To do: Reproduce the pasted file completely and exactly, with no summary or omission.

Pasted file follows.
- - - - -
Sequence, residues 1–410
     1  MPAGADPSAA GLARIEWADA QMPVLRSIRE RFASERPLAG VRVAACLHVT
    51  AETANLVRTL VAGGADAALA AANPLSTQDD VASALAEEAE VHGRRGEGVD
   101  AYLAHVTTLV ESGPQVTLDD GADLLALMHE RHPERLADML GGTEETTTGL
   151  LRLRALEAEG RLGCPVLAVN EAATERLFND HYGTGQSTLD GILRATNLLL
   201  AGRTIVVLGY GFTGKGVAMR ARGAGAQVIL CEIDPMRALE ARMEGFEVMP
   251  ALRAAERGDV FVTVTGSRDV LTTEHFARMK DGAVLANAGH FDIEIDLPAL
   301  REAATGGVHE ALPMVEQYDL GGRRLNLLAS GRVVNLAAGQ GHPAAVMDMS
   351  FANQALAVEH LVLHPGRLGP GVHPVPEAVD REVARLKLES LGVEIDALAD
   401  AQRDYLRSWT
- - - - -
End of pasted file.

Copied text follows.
Sequence, residues 1–410
     1  MPAGADPSAA GLARIEWADA QMPVLRSIRE RFASERPLAG VRVAACLHVT
    51  AETANLVRTL VAGGADAALA AANPLSTQDD VASALAEEAE VHGRRGEGVD
   101  AYLAHVTTLV ESGPQVTLDD GADLLALMHE RHPERLADML GGTEETTTGL
   151  LRLRALEAEG RLGCPVLAVN EAATERLFND HYGTGQSTLD GILRATNLLL
   201  AGRTIVVLGY GFTGKGVAMR ARGAGAQVIL CEIDPMRALE ARMEGFEVMP
   251  ALRAAERGDV FVTVTGSRDV LTTEHFARMK DGAVLANAGH FDIEIDLPAL
   301  REAATGGVHE ALPMVEQYDL GGRRLNLLAS GRVVNLAAGQ GHPAAVMDMS
   351  FANQALAVEH LVLHPGRLGP GVHPVPEAVD REVARLKLES LGVEIDALAD
   401  AQRDYLRSWT